We took video and photos of the plant, which I present here:

This was an especially meaningful trip for me, as during all my previous visits to the Fakahatchee Strand, my wife was at home tending to nursing babies.  I kept promising her that when they were grown enough, I would take her to see ghost orchids up close in the wild.  I was able to make good on that promise this past weekend.

I took many photos of this superlative orchid, which I will be adding to the profile page on the Florida Native and Naturalized Orchids website.  You can view that full profile and find out more information about the ghost orchids by following the link below:

Ghost Orchid (Dendrophylax lindenii) profile link 

Wednesday, May 7, 2014

A Newly Discovered Population of Calopogon multiflorus

Breaking news! 05/07/14

A New County Was Added to the List of Known Florida Counties for the Rare Florida Native Orchid, Calopogon multiflorus.

Prem Subrahmanyam, curator of the Florida Native Orchid website, Facebook page, and blog, was exploring an area of the Apalachicola National Forest on Sunday, May 4, 2014 near Tallahassee, Florida (Leon County). In a recently prescribed burned area, he found a small population (8 individual plants) of the rare orchid species, Calopogon multiflorus, commonly known as the Many-flowered Grass Pink. This species was recently upgraded from endangered to threatened with the latest guidance released by the Florida Dept. of Agriculture and Consumer Services. Appropriate officials have been contacted to let them know about this newly discovered population.  The previously closest known population to this location was 30 miles away in Liberty County, Florida.

The gallery page for this species on the Florida Native Orchid page has been updated with a new photograph taken of a member of this population, along with an updated map. Those can be viewed at the following link:

This brings to four the number of species that Prem Subrahmanyam has been the first to discover growing in Leon County, Florida. Previous first discoveries were Platanthera flava, Platanthera ciliaris, and Zeuxine strateumatica.

Sunday, August 11, 2013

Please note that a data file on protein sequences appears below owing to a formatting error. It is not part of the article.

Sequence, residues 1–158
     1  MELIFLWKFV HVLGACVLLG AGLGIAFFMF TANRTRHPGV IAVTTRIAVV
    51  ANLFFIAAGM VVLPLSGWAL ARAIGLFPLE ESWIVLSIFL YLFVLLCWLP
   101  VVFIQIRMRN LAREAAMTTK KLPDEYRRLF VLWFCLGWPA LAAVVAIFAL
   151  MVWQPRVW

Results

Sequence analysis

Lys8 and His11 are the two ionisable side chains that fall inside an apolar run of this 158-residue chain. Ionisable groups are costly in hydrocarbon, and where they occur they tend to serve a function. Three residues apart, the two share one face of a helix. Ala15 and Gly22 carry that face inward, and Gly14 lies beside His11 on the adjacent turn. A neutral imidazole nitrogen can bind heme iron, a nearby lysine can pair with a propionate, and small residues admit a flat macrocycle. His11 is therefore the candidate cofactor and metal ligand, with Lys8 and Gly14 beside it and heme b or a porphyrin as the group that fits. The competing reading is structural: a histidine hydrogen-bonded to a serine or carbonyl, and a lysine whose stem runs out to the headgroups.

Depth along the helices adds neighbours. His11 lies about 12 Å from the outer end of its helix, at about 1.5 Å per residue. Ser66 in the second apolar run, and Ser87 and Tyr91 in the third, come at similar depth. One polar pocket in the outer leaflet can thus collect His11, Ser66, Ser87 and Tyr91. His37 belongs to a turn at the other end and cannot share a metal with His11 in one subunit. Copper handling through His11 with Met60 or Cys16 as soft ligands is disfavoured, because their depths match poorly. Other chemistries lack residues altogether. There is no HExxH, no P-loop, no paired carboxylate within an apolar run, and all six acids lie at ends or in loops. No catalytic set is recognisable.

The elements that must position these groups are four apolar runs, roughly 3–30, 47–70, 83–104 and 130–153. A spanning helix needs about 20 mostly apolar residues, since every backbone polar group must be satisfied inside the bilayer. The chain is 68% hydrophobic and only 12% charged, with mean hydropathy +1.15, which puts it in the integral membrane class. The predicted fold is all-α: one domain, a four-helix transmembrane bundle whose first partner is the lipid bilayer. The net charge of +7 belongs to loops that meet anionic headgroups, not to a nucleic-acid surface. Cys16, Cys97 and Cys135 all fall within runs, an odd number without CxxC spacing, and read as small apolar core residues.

A Fitting 100th Blog Post - Platanthera ciliaris in bloom.

I had the privilege of revisiting a site where one of Florida's most beautiful orchids grows - The Yellow Fringed/Orange Fringed Orchid (Platanthera ciliaris).  These are some of the nicest photos I've gotten of one of these on a partly cloudy morning in Central Florida.

You can read more about this species by following this link:

The newest photos are at the bottom of the page, but I will post them here as well.  Click on the images to zoom in on them.



Saturday, July 20, 2013

A Rarely Seen Florida Beauty - the Downy Rattlesnake Plantain

Years ago, when Carl Luer published his masterwork, The Native Orchids of Florida, the Downy Rattlesnake Plantain (Goodyera pubescens) had been hinted at as growing in Florida, but had not been officially recorded.  It was listed in a section in his book of orchids that might one day be found growing wild in Florida.

Fast forward to 1983 where a pair of naturalists discovered a population on one of the many hills near the Apalachicola River.  As is seen elsewhere in north Florida, riverine systems are a means of many northern species making tentative forays into north Florida.  The climate is often just a bit cooler, giving plants a place to establish tenuous outlying colonies.

I have not yet had the privilege of seeing the Florida population, but I had encountered a population of these orchids while photographing Pink Ladyslippers near the Atlanta, Georgia area.  I hope one day to see the Floridian plants, if the colony still exists.  A lot can happen in 30 years.

The plants consist of a basal rosette of beautifully patterned leaves -- deep blue-green with silvery veins.  The hairy flower stem emerges in spring to bloom in mid-late summer with small, roundish flowers with green-striped sepals and deeply pouched lips.

Here are some photos of this species:

And here is the profile page on the Florida Native Orchids site: 

Tuesday, April 16, 2013

Rosebud Orchid (Cleistes/Cleistesiopsis bifaria) watercolor

The Rosebud Orchid, Cleistesiopsis (Cleistes) bifaria, is perhaps my favorite Florida terrestrial orchid (the Ghost Orchid, Dendrophylax lindenii, is my favorite epiphyte).  

I remember back when I was 13-14, living on the outskirts of Tallahassee in a semi-rural area with a state forest on one side and the Apalachicola National Forest on the other.  The previous year, an arson-derived wildfire took out a number of acres of mature pine forest, leaving a long swathe of moist prairie in its wake.  The forest service planted a number of seedling pines (which are now a near-mature forest again) in the area, but they were many years from maturing at this point.  Because of this new open area, we were able to hike in easily and observe the local flora - blue-eyed grasses, yellow star lilies, sundews, butterworts (big yellow and little blue), hat-pins, and bachelor's-buttons all grew in abundance in the area.  

One day, I came home from school to my mom inviting us to go out on a hike with her to see something "interesting" she saw earlier that day while hiking in the forest.  She suggested grabbing a pair of binoculars as we headed out of the door.  We followed the western edge of the prairie to a patch of forest close by that was mercifully spared from the fire.